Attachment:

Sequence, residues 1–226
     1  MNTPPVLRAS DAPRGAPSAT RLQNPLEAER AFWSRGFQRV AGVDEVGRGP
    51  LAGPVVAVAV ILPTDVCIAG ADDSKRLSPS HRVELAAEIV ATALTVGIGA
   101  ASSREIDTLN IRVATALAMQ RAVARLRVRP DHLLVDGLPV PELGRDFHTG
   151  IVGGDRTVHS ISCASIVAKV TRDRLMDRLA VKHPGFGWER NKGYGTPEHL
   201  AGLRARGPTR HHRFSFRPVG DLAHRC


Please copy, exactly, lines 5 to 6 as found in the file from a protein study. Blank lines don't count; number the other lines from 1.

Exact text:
   151  IVGGDRTVHS ISCASIVAKV TRDRLMDRLA VKHPGFGWER NKGYGTPEHL
   201  AGLRARGPTR HHRFSFRPVG DLAHRC